Inside Anglo, word of Quinn’s gamble was spreading fast. Michael O’Sullivan, a divisional head of lending, recalled being left in shock when, in November, David Drumm told him that Quinn had built up a 28 per cent stake through CFDs and shares. “It was one of those moments you never forget in life,” he said in court. For O’Sullivan, the news felt almost personal: after all, he was responsible for the Quinn relationship with Anglo, having brought Quinn with him when Anglo took over his former employer, Smurfit Paribas, in 1999. “We had a very good working relationship with Quinn Group. It was news to me,” O’Sullivan recalled. When O’Sullivan heard the news in November, he was told the regulator was already aware of it.
The CFDs in themselves were bad news, but for Anglo – and the regulator – there was a more immediate concern. As the Anglo share price continued to decline, Quinn had to pay “margin calls” – in effect, topping up deposits demanded by his nine CFD providers, who included some of the world’s biggest investment banks. The money for those margin calls was ostensibly coming from a company named Bazelly, set up specifically for Quinn’s CFD portfolio, but ultimately it was Quinn Group – including its insurance division, Quinn Direct – that was footing the bill. And as the margin calls increased, Quinn Group was running out of cash. It turned to Anglo to fill the hole. In November 2007, Team 91 – the lending group within Anglo that dealt with loans to the Quinn Group – was told the Quinns needed an injection of €150 million.
This became a pattern. As Quinn Group’s funds were gradually depleted by continuing margin calls, it turned to Anglo to replenish its coffers. In December, Elma Kinane, a manager on Team 91, was told there was an additional requirement for €500 million. Numerous credit applications were put together involving various properties held by Quinn to fund the loan.
Kinane was at a meeting when Drumm “popped in” and mentioned he was keen the loan be accommodated. He said “you must find a way to do it, or words to that effect”. She said the money was advanced without all of the security being perfected.
Part 2: January – March 2008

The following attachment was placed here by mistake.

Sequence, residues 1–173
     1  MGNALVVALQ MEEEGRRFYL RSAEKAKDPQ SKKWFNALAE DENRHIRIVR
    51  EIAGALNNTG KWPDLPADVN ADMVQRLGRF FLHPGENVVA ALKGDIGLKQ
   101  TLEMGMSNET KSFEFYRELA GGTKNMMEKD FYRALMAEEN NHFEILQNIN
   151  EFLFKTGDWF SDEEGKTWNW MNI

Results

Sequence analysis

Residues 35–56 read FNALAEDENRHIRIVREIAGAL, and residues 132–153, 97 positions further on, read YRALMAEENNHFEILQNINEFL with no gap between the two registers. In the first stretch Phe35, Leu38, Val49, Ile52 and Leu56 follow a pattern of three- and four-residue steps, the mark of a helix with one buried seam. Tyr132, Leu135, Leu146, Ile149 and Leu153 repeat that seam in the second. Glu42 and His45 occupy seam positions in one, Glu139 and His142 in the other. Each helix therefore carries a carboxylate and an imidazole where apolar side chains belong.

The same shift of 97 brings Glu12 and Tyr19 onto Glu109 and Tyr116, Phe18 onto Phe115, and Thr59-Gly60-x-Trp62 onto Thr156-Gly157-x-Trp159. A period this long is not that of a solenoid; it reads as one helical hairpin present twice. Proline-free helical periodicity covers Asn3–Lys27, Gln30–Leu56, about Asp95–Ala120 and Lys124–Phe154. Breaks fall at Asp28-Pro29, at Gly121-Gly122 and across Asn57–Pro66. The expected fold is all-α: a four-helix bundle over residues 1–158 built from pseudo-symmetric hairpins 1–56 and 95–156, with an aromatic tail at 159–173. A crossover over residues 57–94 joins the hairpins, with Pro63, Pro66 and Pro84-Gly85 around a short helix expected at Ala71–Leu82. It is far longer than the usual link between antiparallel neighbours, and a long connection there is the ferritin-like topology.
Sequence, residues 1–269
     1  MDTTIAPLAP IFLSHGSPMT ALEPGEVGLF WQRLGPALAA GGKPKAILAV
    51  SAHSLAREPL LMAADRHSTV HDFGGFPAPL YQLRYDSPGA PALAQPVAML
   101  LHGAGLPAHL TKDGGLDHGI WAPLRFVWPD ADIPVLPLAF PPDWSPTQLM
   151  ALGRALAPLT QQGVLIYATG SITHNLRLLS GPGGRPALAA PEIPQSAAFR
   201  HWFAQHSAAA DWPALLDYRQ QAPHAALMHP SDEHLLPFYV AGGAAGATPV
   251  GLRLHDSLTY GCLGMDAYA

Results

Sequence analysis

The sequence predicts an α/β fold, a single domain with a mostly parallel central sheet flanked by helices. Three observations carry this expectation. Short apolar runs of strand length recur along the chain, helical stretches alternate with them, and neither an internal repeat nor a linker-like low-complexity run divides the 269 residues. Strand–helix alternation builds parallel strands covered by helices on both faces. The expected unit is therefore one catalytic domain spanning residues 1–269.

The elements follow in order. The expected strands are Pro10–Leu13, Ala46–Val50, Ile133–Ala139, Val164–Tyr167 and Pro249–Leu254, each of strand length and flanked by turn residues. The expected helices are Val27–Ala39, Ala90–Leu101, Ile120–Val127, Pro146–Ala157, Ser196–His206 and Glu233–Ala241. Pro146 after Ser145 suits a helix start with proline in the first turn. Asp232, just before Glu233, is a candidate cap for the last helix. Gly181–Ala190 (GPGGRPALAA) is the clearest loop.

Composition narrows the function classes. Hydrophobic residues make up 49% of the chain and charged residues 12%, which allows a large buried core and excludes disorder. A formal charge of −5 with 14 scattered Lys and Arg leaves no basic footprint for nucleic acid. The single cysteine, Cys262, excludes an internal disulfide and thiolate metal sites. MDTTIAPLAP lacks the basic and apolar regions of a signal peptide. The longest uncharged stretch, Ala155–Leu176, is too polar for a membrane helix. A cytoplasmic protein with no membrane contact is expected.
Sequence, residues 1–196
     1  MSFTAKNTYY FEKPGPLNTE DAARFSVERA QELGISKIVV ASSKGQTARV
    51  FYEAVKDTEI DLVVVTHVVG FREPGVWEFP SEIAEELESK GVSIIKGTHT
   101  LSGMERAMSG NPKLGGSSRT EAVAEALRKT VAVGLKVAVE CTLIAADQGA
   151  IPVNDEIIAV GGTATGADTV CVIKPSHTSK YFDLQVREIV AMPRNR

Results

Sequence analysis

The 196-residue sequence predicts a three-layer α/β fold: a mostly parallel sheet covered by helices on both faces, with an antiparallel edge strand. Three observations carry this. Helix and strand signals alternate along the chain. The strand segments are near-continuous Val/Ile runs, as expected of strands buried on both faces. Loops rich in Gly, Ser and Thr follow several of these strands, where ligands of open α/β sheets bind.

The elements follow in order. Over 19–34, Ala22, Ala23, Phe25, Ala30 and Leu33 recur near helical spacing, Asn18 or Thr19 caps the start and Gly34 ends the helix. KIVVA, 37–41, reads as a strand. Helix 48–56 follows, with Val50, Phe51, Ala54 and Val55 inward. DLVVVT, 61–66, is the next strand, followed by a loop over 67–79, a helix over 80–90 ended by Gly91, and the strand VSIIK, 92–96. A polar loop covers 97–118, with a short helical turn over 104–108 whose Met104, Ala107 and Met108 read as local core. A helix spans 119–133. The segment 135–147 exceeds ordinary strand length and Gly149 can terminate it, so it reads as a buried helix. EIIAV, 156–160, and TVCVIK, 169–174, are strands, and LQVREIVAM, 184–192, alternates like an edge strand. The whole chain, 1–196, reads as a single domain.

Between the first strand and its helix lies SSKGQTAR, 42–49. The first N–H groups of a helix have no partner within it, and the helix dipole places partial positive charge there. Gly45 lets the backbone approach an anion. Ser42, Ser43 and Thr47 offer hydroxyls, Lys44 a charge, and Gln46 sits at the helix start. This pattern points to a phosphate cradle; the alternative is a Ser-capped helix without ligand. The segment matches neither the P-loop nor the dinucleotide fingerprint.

Pat Neary’s secretary picked up the phone; it was Seán Quinn. He was in town and thought he should drop in and see the regulator. When they met, according to Neary, the tycoon outlined the strength of the Quinn Group, whose insurance division was regulated by Neary’s office. He also said he had a small CFD holding in Ryanair and Anglo, but did not intend to hold on to it.
In the witness box, Neary said he didn’t ask Quinn “straight up” about his CFDs but came at it in a roundabout way, as he “didn’t feel it would be fair or appropriate to tackle a person about his own investment portfolio”. Quizzing people about their investments was “not something a regulator would go around doing”, he felt.
Meanwhile, tensions were mounting at Anglo, where efforts to grapple with the CFD problem were intensifying. Drumm told Anglo’s chief financial officer Matt Moran to contact the investment bank Morgan Stanley to see if they could suggest ways of dealing with the situation. In January, Moran and Willie McAteer travelled to London to discuss the Quinn situation with the firm.
On February 8th, the financial regulator’s office was contacted by the Quinn Group’s auditors, Pricewaterhouse Coopers. The auditors had discovered that funds had been transferred from Quinn Insurance to another Quinn-owned entity. PWC had been advised by Quinn employees that the family had lost a lot of money on CFD positions and this was why the funds had left the insurance company, Con Horan, prudential director at the regulator’s office, said in court.
By now concerns about Quinn’s CFD position had reached the Government. On February 22th, a meeting took place of the Domestic Standing Group – a high-level body where officials from the Department of Finance, the Central Bank and the financial regulator’s office were tasked with planning for financial emergencies. A note of the meeting, which was attended by Neary and Kevin Cardiff, then head of banking at the department, mentioned the ramifications “if current positions become publicly known”. Items for discussion at the meeting included “understandings of CFDs”.
Giving evidence in court six years later, Neary would say he didn’t know about the Quinn CFD position until the following month – March 21st – but by now there were serious discussions taking place between the Quinn side and the regulator’s office over the insurance company. On the same day as the Domestic Standing Group meeting, a separate meeting took place between Neary and Seán Quinn – the second in as many months.
In a note of the meeting, Quinn is quoted as having “apologised sincerely” for the trouble he had caused by taking money out of his insurance company to fund his outside investments in shares. The tycoon assured the regulator that his insurance company’s difficulties would be “resolved very quickly” by share sales and future profits of the group.